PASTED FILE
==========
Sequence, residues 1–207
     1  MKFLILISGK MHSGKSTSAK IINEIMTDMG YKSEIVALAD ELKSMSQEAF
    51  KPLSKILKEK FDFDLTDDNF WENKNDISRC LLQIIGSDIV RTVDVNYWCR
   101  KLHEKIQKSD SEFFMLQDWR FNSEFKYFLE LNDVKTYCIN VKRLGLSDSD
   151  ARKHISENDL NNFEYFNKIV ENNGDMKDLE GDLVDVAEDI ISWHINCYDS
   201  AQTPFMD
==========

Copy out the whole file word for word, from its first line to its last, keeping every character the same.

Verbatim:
Sequence, residues 1–207
     1  MKFLILISGK MHSGKSTSAK IINEIMTDMG YKSEIVALAD ELKSMSQEAF
    51  KPLSKILKEK FDFDLTDDNF WENKNDISRC LLQIIGSDIV RTVDVNYWCR
   101  KLHEKIQKSD SEFFMLQDWR FNSEFKYFLE LNDVKTYCIN VKRLGLSDSD
   151  ARKHISENDL NNFEYFNKIV ENNGDMKDLE GDLVDVAEDI ISWHINCYDS
   201  AQTPFMD